You have the right to be left alone. No person should have to live under the threat of violence or unwanted and harassing communication. You have the right to live a peaceful life and to be protected by the law. In Florida, everyone is entitled to restraining order, when certain criteria can be proven.
Restraining orders or “injunctions” as they are called in the State of Florida are an excellent tool for you to use to try and get back the peace in your life.
In Florida once you are successful and a judge issues you an injunction, you are protected from any and all forms of contact from the person the injunction is entered against. If the person violates the injunction, he or she commits a criminal offense, is subjected to being arrested and will face possible jail time. This means that a text, phone call, facebook message, tweet, in person visit, or even sending a message through a friend, could land this person in jail. If you have an injunction and think that it has been violated call the police immediately and report it.
Under Florida law there are five (5) categories of injunctions. They include:
The process of obtaining an injunction (“restraining order”) begins with gauging, whether your situation rises to the level where an injunction is appropriate. In Florida there are various types of restraining orders/injunctions. For more information regarding the requirements for each type of injunction click HERE.
The process of getting an injunction begins with filling out a petition. Your local Clerk of the Court should have blank forms available on their website or at their office. A petition is similar to an application, which tells the court why you need an injunction. You can either hire a lawyer to fill out the petition, fill out the petition in person at the Clerk’s office, or file a petition electronically at home. It is recommended to consult with an attorney to make sure the petition is completed correctly and that you have sufficient evidence to eventually present to the judge in court.
Once you submit the petition to the judge, two things happen. First, the judge reviews it and determines whether based on the facts you included in your petition, a temporary injunction is necessary, until the judge can hear your case in court. If the judge issues a temporary injunction it will only be valid until the judge can have a formal hearing in court. The judge will also set a court date where you will be expected to show up, present evidence, and prove that you meet the requirements under the law for an injunction.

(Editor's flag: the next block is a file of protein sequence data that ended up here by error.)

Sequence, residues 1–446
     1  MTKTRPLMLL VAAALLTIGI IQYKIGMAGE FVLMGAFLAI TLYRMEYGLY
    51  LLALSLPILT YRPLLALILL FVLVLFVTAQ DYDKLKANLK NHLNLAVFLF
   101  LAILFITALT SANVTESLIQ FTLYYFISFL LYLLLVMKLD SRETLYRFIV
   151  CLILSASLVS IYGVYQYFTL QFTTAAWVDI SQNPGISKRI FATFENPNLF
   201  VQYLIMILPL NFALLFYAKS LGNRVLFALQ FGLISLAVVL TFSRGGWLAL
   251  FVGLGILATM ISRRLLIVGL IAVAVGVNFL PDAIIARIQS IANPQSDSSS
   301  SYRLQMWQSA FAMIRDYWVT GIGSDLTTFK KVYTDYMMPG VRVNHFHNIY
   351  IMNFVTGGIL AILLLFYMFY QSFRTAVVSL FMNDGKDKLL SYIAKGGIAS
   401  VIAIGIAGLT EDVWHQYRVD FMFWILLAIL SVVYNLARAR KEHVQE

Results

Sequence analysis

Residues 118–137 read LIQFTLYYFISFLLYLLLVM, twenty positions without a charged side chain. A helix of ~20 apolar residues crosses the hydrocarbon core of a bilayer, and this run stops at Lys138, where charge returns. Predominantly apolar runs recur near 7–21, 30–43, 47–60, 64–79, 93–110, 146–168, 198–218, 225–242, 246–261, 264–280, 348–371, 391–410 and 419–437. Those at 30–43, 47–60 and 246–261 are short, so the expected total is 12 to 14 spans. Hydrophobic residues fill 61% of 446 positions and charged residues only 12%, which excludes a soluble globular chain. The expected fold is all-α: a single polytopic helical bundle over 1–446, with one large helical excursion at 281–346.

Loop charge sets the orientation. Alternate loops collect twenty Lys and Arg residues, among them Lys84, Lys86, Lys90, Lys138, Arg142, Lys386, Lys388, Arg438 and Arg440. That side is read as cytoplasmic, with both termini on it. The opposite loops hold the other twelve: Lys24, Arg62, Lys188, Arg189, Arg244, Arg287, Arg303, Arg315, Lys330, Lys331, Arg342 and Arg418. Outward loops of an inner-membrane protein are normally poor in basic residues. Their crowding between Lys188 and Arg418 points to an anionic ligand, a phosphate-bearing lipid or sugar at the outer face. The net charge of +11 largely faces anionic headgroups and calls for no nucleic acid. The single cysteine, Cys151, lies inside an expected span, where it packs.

The second thing that happens once you submit your petition is the county sheriff automatically receives a copy of the petition and will serve it along with a court date on person you are trying to get the injunction against. This person is known as the respondent.
Once there is verification that the sheriff served the respondent with the petition, the judge may conduct the final hearing.
The final hearing is sort of like a mini trial, where you will be expected to present evidence proving that you are entitled to an injunction under the law. You may introduce documents such as threatening text messages, photos, videos, or anything that will help you prove your case. In addition you may also present witnesses and have them testify in court. If the respondent either testifies or presents witnesses on their behalf, you will get an opportunity for cross examination. This is where having a lawyer at the hearing will maximize your chances of getting the injunction.
Once both sides rest their case and no longer have additional evidence to present to the court, the judge will make a decision to either grant or deny your petition (application) for the injunction.
Typically, assuming everything goes smoothly, you should be able to file your petition and have your final hearing within a month. If the county sheriff has trouble serving the petition (a necessary step) on the respondent then this will delay the process. Your injunction will not be granted until the sheriff’s office files confirmation with the Clerk of Court that the respondent has indeed been served with the petition.
If a judge determines that an injunction is warranted, he or she will decide how long the injunction will be in effect. Typically, the length of time will depend on the specific facts of your case. The judge’s primary consideration is, the least amount of time he or she thinks the injunction is necessary to protect you.
For example, if you obtain an injunction against a stranger who has only been in your life for one (1) month, the judge may decide that an injunction for one (1) year is warranted. On the other hand, if the same person was trying to get an injunction against her ex-husband that has been abusing her for multiple years, the judge might decide that an injunction for 10 years is necessary to protect her.
At The Law Offices of Scott J. Kalish we have the experience to help you get a restraining order. We represent people throughout South Florida, specifically Broward, Palm Beach, Miami-Dade, Martin, and St. Lucie Counties.
With our main office conveniently located in Coral Springs, and other office locations throughout South Florida we are never far. If you have a question about getting a restraining order, reach out to us today for help.